Kinney. — This is a long subject, and we hesitate before so great a task as undertaking to do it justice in the short space allowed us. Whole volumes might be written, and even then our task would be incomplete. He is a dead game sport from Tatnuck, and says that he cuts lots of ice with the girls in that vicinity ; but we would add that as a story teller he is second to none not excepting Baron Munchausen. We wish we could impart an adequate conception of his towering form, that noble and firmly set head, crowned with its mass of flaxen hair parted in the middle, that Roman nose, and that long silky moustache. As Drum Major of the battalion, he is the observed of all observers. His comprehensive knowledge of everything together with his prowess in athletics, has given him the high position which he holds in our esteem. Kramer. — Albin Maximillian Kramer, alias " Baron Von Woodenhead, ' ' alias " Dutchy, " the Clinton phenomenon. Since the moment of his arrival, the Baron has been a marked man. A stranger in a strange land, he has been the victim of innumerable practical jokes. He is an authority on all scientific subjects, especially Botany and Foot-ball, and at onetime aspired to become assistant instructor in German ; in fact he is a regular walking Encyclopedia Germanica. He is very careful with whom he associates, being the only non-society man in the class, even refusing to join the Y. M. C. A. until he had ascertained the character of its members. We understand that he is expecting to be called home to Germany at any time to take a seat in the Reichstag. Leamy. — P. A. -P. A. — Rah, rah — Rah, rah etc. Of men like Pat it may be truly said " the gods made but one, then broke the mould. " As an orator, statesman, politician, pugilist, base-ballist, " nigger minstrel, " Prof, bluffer, and an all round sport, he stands pre-eminent. In con- junction with our friend from Lancaster, he has invaded the realms of East St. and captured its choicest jewel. But leaving all joking aside, Leamy is a man of whom we all are proud. A loyal class man, a genial companion, a true friend, and in fact a man in every sense of the word. May his shadow never be less. Marshall. — Jim is one- whom the class is proud of as a man, a student, and an athlete. A sincere friend, an open enemy, and a loyal classmate, he commands the respect and esteem of all. That he stands well in his class is shown by the fact that he escaped being conditioned by " Courty. " As an athlete he is a veritable find. He is little, but oh my ! To him more than to. any other one man is due the position which our class holds in athletics. With all his good qualities, he has, however, one little failing, a weakness for the " female sex. " He may frequently be seen in company with a classmate promenading the more retired and shady streets of Amherst, with a " chip " not exactly on his shoulder but near it. Jim is young yet, and we expect that when he marries that little Lancaster girl he will settle down on a farm to raise 1 jig cabbages to sell to Kramer for sauerkraut for his Clinton Bier Garten. 1 08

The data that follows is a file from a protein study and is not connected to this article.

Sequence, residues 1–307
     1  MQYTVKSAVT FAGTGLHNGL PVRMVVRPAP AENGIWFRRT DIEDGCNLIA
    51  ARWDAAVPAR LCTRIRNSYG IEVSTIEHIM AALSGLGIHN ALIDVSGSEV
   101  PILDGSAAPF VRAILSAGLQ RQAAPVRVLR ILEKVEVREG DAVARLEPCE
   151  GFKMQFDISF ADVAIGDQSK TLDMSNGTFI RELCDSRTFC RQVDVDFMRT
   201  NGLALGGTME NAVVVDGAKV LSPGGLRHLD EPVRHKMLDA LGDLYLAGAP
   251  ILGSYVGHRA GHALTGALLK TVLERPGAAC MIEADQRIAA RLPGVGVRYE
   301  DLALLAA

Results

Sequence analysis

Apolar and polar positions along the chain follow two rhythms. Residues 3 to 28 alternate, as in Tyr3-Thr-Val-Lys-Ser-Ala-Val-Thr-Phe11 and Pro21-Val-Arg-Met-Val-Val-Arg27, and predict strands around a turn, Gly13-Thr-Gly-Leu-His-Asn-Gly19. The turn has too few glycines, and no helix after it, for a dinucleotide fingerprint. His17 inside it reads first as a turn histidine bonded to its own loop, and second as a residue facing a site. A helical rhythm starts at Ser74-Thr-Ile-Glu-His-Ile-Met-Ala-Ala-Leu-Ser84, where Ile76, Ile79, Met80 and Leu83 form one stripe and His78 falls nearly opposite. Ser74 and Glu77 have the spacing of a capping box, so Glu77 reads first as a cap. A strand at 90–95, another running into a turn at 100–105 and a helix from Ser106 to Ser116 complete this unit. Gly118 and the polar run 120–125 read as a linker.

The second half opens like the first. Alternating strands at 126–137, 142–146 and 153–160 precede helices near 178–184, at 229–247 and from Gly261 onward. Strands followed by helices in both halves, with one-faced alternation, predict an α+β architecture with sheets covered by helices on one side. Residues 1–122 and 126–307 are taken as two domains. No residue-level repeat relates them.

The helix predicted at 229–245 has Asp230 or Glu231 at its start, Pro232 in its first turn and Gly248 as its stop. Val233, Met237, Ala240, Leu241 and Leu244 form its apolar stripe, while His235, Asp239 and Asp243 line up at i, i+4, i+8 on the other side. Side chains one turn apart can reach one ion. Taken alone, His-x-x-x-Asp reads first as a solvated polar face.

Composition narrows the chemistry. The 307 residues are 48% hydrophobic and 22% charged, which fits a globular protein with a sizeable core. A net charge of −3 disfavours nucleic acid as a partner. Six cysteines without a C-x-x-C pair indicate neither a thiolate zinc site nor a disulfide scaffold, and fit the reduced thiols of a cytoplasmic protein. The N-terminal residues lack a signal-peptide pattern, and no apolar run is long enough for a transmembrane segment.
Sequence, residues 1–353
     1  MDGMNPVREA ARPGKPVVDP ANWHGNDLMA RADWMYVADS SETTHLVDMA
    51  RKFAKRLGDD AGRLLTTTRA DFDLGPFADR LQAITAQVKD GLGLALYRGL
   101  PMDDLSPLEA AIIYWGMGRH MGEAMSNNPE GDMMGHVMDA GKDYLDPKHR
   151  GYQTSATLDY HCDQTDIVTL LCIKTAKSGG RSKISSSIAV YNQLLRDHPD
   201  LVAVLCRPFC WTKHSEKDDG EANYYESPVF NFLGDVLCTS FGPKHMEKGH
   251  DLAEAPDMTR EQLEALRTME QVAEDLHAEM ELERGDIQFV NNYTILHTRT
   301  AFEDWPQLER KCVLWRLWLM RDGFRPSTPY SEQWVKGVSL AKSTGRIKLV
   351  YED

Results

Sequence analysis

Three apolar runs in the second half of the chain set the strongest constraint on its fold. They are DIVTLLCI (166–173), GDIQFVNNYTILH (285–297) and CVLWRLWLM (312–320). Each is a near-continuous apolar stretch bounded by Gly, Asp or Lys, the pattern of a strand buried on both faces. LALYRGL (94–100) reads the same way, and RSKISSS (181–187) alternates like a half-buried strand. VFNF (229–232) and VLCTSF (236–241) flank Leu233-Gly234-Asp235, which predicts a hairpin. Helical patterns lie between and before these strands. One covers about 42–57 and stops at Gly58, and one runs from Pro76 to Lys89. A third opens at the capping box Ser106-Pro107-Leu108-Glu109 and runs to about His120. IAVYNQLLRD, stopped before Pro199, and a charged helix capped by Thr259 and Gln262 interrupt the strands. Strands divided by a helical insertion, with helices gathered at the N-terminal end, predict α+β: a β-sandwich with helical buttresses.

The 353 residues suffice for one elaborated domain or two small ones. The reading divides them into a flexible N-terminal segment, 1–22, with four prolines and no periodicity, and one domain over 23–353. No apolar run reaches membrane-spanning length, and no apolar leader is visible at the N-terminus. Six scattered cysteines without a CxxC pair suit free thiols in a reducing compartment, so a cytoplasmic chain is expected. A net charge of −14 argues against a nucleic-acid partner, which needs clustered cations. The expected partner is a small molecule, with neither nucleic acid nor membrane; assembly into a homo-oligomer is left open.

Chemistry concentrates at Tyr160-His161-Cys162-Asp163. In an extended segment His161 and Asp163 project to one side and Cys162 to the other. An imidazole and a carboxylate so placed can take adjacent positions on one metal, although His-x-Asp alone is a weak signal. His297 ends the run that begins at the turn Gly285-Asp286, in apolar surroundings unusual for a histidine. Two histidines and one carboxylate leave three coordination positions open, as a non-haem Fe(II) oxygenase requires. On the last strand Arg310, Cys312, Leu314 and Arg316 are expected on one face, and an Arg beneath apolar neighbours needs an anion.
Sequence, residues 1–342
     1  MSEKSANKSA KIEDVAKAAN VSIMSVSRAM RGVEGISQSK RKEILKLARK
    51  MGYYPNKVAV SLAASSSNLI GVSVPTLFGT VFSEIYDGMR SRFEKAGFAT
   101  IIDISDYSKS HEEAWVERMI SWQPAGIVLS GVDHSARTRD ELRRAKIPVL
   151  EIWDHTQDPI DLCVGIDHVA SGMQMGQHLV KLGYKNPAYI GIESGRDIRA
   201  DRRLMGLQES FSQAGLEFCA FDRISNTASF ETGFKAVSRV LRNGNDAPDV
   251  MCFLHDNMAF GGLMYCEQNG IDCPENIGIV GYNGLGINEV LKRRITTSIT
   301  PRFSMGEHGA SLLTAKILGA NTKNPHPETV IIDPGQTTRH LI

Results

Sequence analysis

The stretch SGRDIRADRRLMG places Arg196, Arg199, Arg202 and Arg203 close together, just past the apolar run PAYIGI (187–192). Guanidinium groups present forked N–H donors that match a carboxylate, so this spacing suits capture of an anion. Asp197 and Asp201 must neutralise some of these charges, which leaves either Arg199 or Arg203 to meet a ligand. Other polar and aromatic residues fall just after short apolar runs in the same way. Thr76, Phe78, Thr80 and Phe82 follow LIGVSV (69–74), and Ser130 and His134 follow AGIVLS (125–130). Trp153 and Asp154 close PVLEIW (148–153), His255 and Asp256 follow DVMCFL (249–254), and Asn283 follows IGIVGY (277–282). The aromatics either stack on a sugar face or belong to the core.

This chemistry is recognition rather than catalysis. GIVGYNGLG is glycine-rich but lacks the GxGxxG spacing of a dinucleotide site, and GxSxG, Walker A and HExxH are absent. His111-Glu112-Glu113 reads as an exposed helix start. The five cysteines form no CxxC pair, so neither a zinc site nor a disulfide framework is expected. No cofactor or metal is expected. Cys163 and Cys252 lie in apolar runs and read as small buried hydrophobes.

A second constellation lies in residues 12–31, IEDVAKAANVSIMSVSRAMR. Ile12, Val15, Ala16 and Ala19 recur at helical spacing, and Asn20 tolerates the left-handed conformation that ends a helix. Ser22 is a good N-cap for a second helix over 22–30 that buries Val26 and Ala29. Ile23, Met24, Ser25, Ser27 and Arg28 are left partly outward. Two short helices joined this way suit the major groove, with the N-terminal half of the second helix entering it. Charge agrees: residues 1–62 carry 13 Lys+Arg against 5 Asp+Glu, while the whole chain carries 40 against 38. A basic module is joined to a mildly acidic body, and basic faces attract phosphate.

Page 126 text:

Poole, E Hi2.l1 among- the names of New Bedford ' s illustrious sons will be found that of E. W. Poole, the well-known illustrator of that immortal publication, the ' 96 Index. A man whom the world seems always to have used well, as he is always in a happy frame of mind, which probably accounts for his being more or less of a musician. He is supposed to have spent much of his early life in the pursuit of the nimble whale, and failing to make a capture it is rumored that his father would then take a hand at the whaling. He spends most of his spare time in attending to his extensive correspondence, but seems to have miss(ed) his vocation. With all his faults we love him still. Poole, I. C. — With him as with the conjurer, now you see him and now you don ' t, but it is I. C. all the time. Without him Prof. Warner ' s stock of jokes would have been sadly diminished. Much smaller in stature than he is in his own estimation, it is to be hoped that in time he will grow and become able to boss his older brother around and to wear his old clothes, watches, etc. It may be well to close this short subject with these words : Small as he is, he is a giant in intellect, and is one of those few men who never put off till to-morrow what can be done to-day. Rawson. — Herbert Warren Rawson, of Arlington, the gardener, seedsman, and well-known market . He also has attained no little fame as a writer, being the author of that well-known book, " How I Became Popular. " Ferdinand Ward was called the Young Napoleon of Finance, Wm. McKinley is called the Napoleon of Protection, Herbert Warren Rawson is known as the Napoleon of Popularity. As Alexander the Great wept for more worlds to conquer, so Rawson weeps for more hearts to win. What Paganini was on the violin, Rawson is on the banjo. What David the sweet singer of Israel was to the Israelites, Rawson is to all who come within the range of his melodious voice. Who led the victorious legions of Ninety-six in that memorable conflict on the Plains of Trigonometry against the mathematical genius (?) from West Point, and defeated him without the loss of a single man ? It was Rawson. Read. — " Fweddie. " This is a small subject, but with all, an important one. With Portia we would exclaim, " How far that little candle throws its light ! " It is a marvel to all that in so small a compass can be contained so great an intellect and so many virtues. As in Nichols we have the god of war, so in " Pinkey " we have the god of love. " Love rules the camp, the court, the grove, And men below and saints above ; For love is heaven, and heaven is love. "